- WSL / Thomas Bennett

No one knows the venue for the Newcastle City Pro presented by Corona better than Merewether local Ryan Callinan. We asked him to drill deep into all the breaks from Merewether to Dixon Park, so we know what to expect when the Rip Curl Newcastle Cup presented by Corona kicks off on April 1:


"The furthest wave on the point is Ladies, named as it breaks in front of the Ladies Pavilion at the ocean baths. That's the righthander where most of the surfing at Merewether goes down," R-cal says.

"The shelf at Ladies is fun around three-to-five feet, and with a nice south sell and any wind from the west it can provide really fun rippable walls. You could maybe compare it to Bells in a way, it has some fat sections, but also some steeper walls and can be a long wave. It's challenging though, and hard to read, but I'm sure the world's best will make it look good."

Third Reef

"A couple of hundred meters out from Ladies, is a ledge called Third Reef. That breaks when it hit six feet or so. It has a big sucky takeoff, then goes fat in deeper water. It can still have a nice wall, and when it hits the inside it can barrel, wall up, or closeout, depending on the banks.

Even on six-foot days, some waves will cap on the Third Reef then reform on the inside Ladies ledge and those can be good too. It's a tricky wave though and the people who have spent the most time out there do well. I'm hoping that works for me."

The Rocks

"When there is no sand along the point near the beach, you can get a rip bowl running down next to the rocks, hence it's very original name. It's a really fun wave and where I learned to surf on my backhand. On a clean east swell, it's super rippable and bowly. However it can only handle up to four-foot max, but even at that size, it can be great wave for high-performance surfing. I can imagine Italo going bezerk on that wave."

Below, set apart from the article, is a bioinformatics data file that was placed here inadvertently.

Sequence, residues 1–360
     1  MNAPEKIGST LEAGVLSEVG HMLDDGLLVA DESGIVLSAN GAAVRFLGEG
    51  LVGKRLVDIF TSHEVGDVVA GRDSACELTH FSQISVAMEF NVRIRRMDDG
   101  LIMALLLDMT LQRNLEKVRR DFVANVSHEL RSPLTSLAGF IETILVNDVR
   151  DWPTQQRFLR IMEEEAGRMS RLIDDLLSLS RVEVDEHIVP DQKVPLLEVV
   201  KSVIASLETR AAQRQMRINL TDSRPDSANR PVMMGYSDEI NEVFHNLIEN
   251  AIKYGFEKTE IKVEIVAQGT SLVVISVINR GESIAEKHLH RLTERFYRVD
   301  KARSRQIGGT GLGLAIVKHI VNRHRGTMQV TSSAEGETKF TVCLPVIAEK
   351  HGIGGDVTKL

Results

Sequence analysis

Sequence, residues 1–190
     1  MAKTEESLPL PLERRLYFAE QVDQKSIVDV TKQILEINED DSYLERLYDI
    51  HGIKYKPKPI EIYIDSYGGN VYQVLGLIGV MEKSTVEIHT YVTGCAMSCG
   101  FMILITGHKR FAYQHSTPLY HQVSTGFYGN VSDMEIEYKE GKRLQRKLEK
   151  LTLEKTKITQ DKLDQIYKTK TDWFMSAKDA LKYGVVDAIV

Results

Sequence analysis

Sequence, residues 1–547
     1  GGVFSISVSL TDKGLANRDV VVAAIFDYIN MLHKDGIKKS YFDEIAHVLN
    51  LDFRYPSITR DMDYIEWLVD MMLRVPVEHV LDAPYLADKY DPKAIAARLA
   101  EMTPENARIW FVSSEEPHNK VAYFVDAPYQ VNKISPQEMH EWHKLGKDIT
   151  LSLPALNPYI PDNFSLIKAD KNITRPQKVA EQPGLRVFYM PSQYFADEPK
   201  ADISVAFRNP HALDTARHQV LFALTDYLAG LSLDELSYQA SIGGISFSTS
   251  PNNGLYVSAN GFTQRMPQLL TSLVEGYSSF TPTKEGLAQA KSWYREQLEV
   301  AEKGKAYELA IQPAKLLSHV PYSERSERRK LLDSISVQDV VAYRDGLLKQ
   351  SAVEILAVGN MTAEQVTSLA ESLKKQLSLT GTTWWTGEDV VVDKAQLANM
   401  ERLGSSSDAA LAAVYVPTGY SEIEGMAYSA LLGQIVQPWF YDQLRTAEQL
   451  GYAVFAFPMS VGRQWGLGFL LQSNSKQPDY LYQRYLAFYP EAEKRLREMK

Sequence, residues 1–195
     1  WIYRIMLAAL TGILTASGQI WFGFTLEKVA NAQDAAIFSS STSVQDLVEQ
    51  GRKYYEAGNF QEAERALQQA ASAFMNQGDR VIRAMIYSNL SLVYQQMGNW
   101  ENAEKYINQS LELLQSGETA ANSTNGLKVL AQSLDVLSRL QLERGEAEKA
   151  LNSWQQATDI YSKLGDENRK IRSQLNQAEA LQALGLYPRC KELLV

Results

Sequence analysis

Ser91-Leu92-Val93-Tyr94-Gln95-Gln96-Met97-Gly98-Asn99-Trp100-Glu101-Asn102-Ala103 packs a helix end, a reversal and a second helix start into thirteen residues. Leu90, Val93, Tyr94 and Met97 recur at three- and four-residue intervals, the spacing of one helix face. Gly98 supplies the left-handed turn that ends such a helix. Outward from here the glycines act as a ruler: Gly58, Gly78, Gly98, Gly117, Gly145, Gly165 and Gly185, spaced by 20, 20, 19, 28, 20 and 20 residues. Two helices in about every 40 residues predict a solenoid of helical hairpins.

Ryan Callinan on Day 5 of Newcastle Surfest Pro pres. by Burton Automotive Ryan Callinan on the wave he learned to surf at. - WSL / Thomas Bennett


"Pogo's is the stretch of beach that runs for 200 yards north of the rocks of Merewether. It's named after the Pogonoski family who lived in front of break in the 1950s. There's no real defined peak, but if it's been raining you might get a rip bank off the drain outlet there. Otherwise, there are often shallow banks out the back that pack a bit of punch on the lower tides. It can get ragged, but provides some incredible ramps too."

Dixon Park

"Dixon Park is another 200 meters north of Pogo's and is the stretch in front of the Surf Club and big car park. There's nothing that really defines whether the banks will be good or not, but as soon as we let a large nor-east swell and offshore winds, it will invariably be really good. I can hold really big swells and barrels, so it's a phenomenal wave and one I chase every chance I get. Though those epic days are rare, it's a special place for me. And when it's not one of those epic days, it's still pretty rippable."

Current State of The Banks

"I'll be honest, the waves haven't been great recently with a lot of onshore winds, though the banks do look okay. We did have had a really good, big south swell day at Merewether recently. If that happens for the comp it would be really exciting. However, in an ideal scenario, we'd get a solid northeast cyclone swell. It would be great to show what the beachbreak is capable of. It can be world-class, but those are rare special days. However, this is a consistent spot that handles all swells and has more waves on more days than most stretches on this part of the coast. I can't wait to see the likes of John John and Gabriel surf the wave I surf every day and see the approach they take."

Merewether Merewether in full flight. - WSL / Wes Burton
World Surf League
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